Discworld Monthly - Issue 49: May 2001
Table of Contents:1. Editorial
3. Readers' Letters
4. The Collectors Guild Competition Results
5. Thief Of Time Tour Dates
6. An Interview with Josh Kirby
7. The End
1. EditorialWelcome to issue 49. I had the good fortune to come across two excellent bargains in the last couple of weeks. Firstly my wife picked up, for only 0.59GBP, a Ladybird 1st edition book of the Truckers TV series in excellent condition from a charity shop. Then a few days later, whilst looking around a car boot sale, I discovered a 1st edition of the Unadulterated Cat which I purchased for 0.50GBP. It just goes to show that there are still some excellent bargains available.
Jason Anthony (Editor) firstname.lastname@example.org
William Barnett (Deputy Editor)
Richard Massey (Mad Scientist)
2. NewsHammicks are featuring Terry as Author of the Month in May to tie in with the release of Thief of Time. They will be promoting both the new book and backlist in a huge way and with big discounts. They are also running a competition in partnership with Transworld Publishers. A winner from each of Hammicks' 24 branches will receive a complete set of Discworld novels on cassette (retail value 250GBP approx).
Harper Collins are running a contest for USA residents only to win a copy of Terry's new book The Thief Of Time. For a chance to win or just to browse visit www.terrypratchettbooks.com
Stephen (CMOT) Briggs' bank, in common with all or most UK banks, will now not accept sterling Eurocheques as the cost of processing them outweighs their value . He'd like to let his European fans know that this means he can't take payments for merchandise (or royalty payments for productions of the Discworld plays) in the form of sterling Eurocheques. For his merchandise, though, he *can* now of course take payments by Visa, Mastercard and Switch. Full details of his range, as usual, from email@example.com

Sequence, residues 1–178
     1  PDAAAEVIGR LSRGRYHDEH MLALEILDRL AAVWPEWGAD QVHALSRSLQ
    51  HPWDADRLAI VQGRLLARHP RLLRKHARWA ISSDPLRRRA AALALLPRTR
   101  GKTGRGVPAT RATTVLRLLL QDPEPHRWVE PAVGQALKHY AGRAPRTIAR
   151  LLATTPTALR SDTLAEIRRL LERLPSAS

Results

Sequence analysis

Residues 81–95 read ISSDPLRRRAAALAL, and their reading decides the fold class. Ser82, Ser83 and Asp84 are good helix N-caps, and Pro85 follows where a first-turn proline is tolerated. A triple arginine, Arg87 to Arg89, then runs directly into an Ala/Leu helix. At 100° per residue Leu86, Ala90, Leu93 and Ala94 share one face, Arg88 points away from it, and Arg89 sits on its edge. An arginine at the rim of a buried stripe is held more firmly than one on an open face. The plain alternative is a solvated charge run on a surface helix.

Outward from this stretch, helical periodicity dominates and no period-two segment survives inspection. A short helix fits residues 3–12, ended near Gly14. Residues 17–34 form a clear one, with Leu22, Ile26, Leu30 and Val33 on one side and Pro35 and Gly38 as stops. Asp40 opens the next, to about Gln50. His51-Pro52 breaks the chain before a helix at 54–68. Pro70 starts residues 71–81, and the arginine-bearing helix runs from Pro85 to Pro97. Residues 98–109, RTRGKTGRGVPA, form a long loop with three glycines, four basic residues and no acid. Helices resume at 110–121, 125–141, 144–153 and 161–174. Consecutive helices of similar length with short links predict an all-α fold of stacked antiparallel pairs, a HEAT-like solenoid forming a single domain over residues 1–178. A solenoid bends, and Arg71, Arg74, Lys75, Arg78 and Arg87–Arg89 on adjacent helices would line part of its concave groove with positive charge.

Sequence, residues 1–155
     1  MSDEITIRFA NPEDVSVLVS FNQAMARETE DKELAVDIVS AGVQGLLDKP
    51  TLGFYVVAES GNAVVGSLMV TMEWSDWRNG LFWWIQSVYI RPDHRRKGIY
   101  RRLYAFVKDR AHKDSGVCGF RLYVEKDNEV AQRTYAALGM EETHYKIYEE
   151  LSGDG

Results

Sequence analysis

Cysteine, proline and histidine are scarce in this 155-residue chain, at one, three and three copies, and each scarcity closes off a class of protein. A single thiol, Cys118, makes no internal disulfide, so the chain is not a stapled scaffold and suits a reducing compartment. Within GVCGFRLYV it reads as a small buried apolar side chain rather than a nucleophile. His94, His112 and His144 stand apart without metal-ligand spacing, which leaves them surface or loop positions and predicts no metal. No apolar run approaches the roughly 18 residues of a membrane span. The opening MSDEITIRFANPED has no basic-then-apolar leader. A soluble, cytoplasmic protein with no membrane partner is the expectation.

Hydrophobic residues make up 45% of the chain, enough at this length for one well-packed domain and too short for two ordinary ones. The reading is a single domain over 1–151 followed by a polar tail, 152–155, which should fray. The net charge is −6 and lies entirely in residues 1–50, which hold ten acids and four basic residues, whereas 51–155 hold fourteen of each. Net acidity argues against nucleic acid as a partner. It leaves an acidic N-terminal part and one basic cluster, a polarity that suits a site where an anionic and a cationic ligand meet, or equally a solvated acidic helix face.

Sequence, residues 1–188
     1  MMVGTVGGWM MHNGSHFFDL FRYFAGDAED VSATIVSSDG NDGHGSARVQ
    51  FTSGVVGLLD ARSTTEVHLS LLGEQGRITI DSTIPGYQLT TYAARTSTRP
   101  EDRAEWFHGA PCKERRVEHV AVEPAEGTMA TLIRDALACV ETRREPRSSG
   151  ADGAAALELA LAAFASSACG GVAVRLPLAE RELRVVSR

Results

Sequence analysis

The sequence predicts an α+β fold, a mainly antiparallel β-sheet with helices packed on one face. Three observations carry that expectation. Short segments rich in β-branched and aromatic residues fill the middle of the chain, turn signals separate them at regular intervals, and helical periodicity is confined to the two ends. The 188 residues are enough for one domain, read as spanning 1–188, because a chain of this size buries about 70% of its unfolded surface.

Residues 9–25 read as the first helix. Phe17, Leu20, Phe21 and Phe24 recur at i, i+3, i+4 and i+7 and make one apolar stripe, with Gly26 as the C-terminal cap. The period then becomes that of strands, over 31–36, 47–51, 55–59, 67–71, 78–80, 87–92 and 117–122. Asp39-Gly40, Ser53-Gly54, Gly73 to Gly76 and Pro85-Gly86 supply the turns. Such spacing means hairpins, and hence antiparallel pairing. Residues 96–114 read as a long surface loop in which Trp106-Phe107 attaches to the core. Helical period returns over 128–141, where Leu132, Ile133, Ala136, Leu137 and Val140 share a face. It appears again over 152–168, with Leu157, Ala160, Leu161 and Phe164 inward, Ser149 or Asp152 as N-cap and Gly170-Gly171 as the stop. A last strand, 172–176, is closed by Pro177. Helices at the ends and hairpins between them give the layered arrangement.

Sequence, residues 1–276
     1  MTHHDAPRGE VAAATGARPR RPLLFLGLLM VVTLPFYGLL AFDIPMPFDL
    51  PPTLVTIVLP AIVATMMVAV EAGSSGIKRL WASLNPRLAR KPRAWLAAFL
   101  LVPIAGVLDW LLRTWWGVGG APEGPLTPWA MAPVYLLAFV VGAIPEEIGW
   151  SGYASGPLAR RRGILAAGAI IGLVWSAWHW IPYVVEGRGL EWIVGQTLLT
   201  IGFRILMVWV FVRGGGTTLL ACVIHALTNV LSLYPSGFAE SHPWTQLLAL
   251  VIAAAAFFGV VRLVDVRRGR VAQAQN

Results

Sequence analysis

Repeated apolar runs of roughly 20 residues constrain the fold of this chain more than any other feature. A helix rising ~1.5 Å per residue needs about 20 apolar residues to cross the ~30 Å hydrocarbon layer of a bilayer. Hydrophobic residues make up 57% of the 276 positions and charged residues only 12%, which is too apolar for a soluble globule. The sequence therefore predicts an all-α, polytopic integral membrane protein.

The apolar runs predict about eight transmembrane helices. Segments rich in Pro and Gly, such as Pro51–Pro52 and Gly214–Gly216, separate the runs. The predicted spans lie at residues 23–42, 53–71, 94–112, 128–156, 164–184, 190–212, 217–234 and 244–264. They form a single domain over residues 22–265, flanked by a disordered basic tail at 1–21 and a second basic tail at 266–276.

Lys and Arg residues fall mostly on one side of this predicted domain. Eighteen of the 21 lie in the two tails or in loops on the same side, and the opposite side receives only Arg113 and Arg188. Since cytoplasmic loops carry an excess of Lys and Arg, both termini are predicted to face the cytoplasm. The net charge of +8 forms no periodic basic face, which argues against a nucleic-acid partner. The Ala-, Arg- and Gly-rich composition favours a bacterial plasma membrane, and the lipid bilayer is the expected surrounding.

The Classical Association's website, which has a selection of
articles from CA News, includes a short essay about Terry. Go to
www.sas.ac.uk/icls/ClassAss/ and look under CA News.
Carol Henderson has got a new web site for stuffed toy baby dragons and thought you might be interested. To find out more visit www.berighteous.com/dragon
Kennet Amateur Theatricals will be performing Carpe Jugulum at the end of August 2001, in Thatcham, Berkshire. More information is available on their web site at www.kats.org.uk
Melissa McDaniel ( firstname.lastname@example.org ) and her friends are holding a sponsored walk in London on Sunday, 10th June to support the Orangutan Foundation UK. If you would like to join in please get in contact with Melissa.
The Unseen Theatre Company will be performing Men at Arms at the Bakehouse Theatre, 255 Angas Street, Adelaide, Australia from the 22nd June to the 7th July at 8pm. For bookings call Betty on 82962004 or BASS 131246.